Race Marshals and Racial Coordinator

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Jesse Grabowski

Squire
Chief Executive Officer
Owner
Denver Staff
Marshal
Race Marshals

General purpose and role

The general idea of a race marshal is to provide a one-stop location for information both about a race as it exists in Alliance, but also more specifically the local flavor of that race. A race marshal can provide you with information that will help integrate your character into the world and help give you avenues for growth and personal plot that relates to that race. Additionally, a race marshal’s role within the game is much the same as a weapons marshal…they advise players on problems and help fix issues they see.


What is the benefit of going to a race marshal?

There are a few specific benefits to talking with your race marshal before bringing your character into the game. The most important is world integration. Your race marshal can usually help you tweak your character concept to better blend with the game world and possibly give pointers to appropriate origins or stories in-game that you could tie your history to. The second way a race marshal helps before play is that they can tip you off to any potential problems. You might have a great backstory, but if it runs counter to things already seen in-play, that could be really uncomfortable in-game. The race marshal can often alert you to these issues before they become a problem.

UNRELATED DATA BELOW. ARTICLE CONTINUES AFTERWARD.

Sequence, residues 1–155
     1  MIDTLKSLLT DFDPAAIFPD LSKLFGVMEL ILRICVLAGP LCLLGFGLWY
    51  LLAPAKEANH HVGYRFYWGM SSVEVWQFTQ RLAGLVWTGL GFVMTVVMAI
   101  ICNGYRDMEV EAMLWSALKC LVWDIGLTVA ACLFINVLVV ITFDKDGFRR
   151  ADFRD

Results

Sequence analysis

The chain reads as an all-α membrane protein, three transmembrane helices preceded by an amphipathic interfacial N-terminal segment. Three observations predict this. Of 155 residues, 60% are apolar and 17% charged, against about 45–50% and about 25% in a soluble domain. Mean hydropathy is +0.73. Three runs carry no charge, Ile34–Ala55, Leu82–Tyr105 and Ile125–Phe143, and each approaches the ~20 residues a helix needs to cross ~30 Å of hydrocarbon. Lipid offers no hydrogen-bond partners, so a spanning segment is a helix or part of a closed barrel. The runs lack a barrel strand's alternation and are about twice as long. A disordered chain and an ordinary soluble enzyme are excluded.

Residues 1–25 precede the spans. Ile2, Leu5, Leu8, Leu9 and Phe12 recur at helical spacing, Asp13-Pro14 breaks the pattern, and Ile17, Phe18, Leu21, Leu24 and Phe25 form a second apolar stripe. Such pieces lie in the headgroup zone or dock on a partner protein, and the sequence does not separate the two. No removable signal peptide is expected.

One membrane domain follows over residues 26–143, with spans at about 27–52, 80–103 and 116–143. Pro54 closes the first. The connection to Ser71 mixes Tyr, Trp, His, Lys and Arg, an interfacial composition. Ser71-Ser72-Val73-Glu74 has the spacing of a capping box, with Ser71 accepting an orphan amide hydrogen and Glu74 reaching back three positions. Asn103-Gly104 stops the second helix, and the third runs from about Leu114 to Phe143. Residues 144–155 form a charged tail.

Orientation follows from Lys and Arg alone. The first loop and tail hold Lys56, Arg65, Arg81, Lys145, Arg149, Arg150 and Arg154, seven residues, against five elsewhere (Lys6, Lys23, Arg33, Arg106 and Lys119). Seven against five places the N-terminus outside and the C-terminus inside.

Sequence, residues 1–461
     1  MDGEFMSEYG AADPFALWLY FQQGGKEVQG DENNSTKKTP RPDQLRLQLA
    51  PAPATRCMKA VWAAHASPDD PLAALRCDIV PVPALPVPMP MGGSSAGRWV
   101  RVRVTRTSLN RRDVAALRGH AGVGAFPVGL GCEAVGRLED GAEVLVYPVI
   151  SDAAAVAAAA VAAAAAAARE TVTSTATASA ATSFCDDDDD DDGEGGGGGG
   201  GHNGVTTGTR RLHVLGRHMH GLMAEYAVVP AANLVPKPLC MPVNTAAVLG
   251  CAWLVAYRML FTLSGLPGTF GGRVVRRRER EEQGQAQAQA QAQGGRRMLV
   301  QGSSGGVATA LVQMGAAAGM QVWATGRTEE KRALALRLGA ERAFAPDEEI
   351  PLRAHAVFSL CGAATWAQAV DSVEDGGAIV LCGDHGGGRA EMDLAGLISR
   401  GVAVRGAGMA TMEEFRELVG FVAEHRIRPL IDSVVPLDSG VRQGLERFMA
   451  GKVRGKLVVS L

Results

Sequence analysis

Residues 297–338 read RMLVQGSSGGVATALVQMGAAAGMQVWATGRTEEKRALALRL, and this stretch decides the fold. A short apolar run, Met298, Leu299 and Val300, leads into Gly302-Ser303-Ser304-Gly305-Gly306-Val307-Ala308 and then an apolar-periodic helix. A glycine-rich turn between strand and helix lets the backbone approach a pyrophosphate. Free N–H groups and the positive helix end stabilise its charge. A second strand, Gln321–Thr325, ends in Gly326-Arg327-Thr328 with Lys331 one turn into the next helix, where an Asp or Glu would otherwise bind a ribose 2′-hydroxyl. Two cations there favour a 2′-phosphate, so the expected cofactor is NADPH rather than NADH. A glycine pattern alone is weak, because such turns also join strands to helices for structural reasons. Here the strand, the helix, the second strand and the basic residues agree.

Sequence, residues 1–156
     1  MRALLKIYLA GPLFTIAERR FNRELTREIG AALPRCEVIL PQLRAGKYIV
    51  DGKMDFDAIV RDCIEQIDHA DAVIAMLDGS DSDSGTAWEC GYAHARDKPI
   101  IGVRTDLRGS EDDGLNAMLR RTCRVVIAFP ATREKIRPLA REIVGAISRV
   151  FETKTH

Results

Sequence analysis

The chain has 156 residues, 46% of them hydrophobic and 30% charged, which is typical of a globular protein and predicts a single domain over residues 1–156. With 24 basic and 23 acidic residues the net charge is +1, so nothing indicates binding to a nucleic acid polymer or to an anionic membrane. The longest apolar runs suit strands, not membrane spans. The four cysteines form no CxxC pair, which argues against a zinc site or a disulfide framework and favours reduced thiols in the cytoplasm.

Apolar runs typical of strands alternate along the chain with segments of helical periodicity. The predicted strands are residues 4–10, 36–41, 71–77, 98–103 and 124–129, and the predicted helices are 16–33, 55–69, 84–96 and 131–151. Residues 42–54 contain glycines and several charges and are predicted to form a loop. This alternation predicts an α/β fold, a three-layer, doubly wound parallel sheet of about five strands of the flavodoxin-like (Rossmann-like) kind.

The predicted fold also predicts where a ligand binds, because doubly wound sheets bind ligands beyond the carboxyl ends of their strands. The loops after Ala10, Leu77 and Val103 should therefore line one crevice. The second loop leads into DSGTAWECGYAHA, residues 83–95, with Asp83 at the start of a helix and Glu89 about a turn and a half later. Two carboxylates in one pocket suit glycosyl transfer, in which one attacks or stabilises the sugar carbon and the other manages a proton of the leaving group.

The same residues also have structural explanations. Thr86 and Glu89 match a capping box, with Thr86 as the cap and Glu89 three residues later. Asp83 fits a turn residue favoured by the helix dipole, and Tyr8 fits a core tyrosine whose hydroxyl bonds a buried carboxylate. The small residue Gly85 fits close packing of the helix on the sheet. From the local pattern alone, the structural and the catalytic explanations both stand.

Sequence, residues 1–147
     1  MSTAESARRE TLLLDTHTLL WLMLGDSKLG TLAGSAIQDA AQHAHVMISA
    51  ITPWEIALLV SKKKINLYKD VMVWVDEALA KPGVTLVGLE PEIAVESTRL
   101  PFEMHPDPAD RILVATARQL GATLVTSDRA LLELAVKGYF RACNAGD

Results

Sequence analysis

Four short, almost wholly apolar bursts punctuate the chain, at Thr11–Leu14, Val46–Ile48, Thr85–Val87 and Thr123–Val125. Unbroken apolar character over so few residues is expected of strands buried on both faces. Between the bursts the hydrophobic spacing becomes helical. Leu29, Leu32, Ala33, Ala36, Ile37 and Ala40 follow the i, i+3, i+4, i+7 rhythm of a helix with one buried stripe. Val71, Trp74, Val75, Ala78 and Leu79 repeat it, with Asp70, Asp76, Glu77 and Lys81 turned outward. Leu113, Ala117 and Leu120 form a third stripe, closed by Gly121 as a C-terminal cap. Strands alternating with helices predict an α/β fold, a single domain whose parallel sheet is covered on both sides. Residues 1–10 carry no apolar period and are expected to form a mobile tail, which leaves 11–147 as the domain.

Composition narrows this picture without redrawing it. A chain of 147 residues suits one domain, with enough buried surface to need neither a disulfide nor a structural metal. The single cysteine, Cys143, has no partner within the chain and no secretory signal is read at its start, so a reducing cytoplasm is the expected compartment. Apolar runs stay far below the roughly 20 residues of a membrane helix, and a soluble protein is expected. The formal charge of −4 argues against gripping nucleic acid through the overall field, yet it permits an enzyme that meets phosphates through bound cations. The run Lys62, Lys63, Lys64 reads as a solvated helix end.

Example: MarySue has talked to friends and decided she wants to play a mystic wood elf, whose dislike of slavery has a basis in-game. She isn’t really sure who to name, but she needs a villainous group that enslaved her, earlier in her life. She skims the player’s guide briefly and decided that Duchess Tiberion sounds evil, based on her name and writes into the history that the Tiberion line has always enslaved her people, going back generations and all of the mystic wood elves from her village are at war with Tiberions. What MarySue didn’t realize is that the Tiberions actually are the main good-guy nobles for the area where the game is based. She might want to know that before declaring war!


What can race marshals do? What’s their authority?

A race marshal is, ultimately, a marshal like any other. Just as weapons marshals can remove an unsafe weapon from game, a race marshal can mandate changes to a character that is in violation of the game rules or pull the character if they refuse to abide by those game rules. Generally, a race marshal is an advisory role, but in extreme cases can require changes to a character. This is normally only when the national race packet or APG is not being followed or the player refuses to abide by costuming requirements.

When issues are found with a character that violates national rules before game, the race marshal will help work with the player to resolve them. If the issues are found in game or the player does not consult a rules marshal and brings in a problematic character, the player will normally get a warning. This warning will explain what they need to do to abide by the rules. If they are unable or unwilling to make the needed changes, the race marshal may require them to change race to human until they can abide by the national rules.